For detailed information about malunion causes, read: What Are The Common Causes Of Malunion Fracture?
Malunion fracture also occurs if the bone ends shift their place while healing. More likely, they appear in fractures treated with the help of casts but can again happen after surgery to fix the fracture.
Malunion Fracture Symptoms
Symptoms of a malunion fracture are most apparent after the healing of a fracture. However, one can be recognized early on. Symptoms depend on the affected bone, severity, and the position of malunion.
In the case of lower limbs, for example, if you have a thigh bone fracture that heals like a malunion, it may result in a limp, or your foot might be rotated internally or externally while walking. You may also have pain in your hip, knee, or ankle area, even though they are not injured.
This is because the malunion fracture manipulates your walking mechanics by pushing too much of your body weight onto other joints.
Treatment for malunion fractures
Malunion fracture treatment in the lower limbs depends on various factors, including symptoms, bone involved, the severity of the malunion, and whether the condition impacts mobility and daily functioning.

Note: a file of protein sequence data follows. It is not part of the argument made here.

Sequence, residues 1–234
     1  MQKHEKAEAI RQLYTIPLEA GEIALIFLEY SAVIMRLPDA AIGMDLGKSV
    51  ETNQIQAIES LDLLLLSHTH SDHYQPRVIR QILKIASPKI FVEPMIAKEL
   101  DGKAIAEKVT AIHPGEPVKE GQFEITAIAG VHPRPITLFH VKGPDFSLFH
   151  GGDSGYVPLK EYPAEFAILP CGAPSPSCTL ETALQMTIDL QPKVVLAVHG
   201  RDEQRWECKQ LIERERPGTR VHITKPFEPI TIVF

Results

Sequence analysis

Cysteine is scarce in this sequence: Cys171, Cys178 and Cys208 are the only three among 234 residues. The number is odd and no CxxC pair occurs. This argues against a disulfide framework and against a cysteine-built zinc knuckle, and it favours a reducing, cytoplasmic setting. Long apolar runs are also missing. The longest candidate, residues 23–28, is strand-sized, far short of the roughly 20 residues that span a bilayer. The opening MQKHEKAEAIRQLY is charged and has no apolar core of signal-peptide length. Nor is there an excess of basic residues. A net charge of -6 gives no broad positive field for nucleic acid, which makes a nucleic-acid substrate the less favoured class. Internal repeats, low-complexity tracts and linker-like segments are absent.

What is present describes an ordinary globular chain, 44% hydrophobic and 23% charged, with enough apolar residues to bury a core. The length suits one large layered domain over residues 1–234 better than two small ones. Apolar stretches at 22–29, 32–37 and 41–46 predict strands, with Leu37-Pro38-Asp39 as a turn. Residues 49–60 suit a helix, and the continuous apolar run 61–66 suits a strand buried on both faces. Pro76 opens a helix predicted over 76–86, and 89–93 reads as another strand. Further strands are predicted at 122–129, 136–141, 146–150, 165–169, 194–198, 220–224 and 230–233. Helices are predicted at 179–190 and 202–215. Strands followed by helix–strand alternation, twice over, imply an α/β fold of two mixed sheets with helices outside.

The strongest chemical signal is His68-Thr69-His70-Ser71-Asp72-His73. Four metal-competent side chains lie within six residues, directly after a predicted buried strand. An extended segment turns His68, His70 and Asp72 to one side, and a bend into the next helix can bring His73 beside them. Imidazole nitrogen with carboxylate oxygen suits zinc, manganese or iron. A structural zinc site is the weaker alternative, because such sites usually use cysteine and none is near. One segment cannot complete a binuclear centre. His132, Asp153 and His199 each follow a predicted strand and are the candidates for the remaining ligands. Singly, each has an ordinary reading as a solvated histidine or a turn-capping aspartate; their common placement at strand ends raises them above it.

For detailed information about malunion treatment, read: Things To Know About Malunion Surgery?
Malunion fracture treatment: Malunions can be treated through:
Nonsurgical treatment for malunion is suggested if it is not painful and does not cause functional disabilities.
- Shoe lift
If the malunion causes pain, and movement disabilities, then surgery is recommended to fix it.
Osteotomy is the standard surgical procedure used to fix a malunion. The process involves cutting the bone at the fracture site, then realigned into its anatomical position. Based on the fracture location and its severity, the bone may be immobilized with either internal or external fixation while healing.
- Internal fixation – The surgeon uses metal plates, screws, and rods to stabilize the bone.
- External fixation – Here, the surgeon fixes a metal frame outside the leg, and then it is attached to the broken bone with the help of pins and wires.
Distraction osteogenesis – In this procedure, the malunion is fixed either by shortening or lengthening the bone with internal lengthening rods or an external frame. This procedure will equalize the length of the affected limb over time.
Malunion fracture tibia: If you have a fracture long back that still makes you feel discomfort, then consult Dr. Vasudeva Juvvadi, one of the best orthopedic doctors for malunion fracture treatment and surgery in Hyderabad. He has more than twelve years of experience in treating various fractures and their complications after treatment.
If you are planning malunion surgery for the lower limb (tibia), contact us for the malunion surgery cost and plan.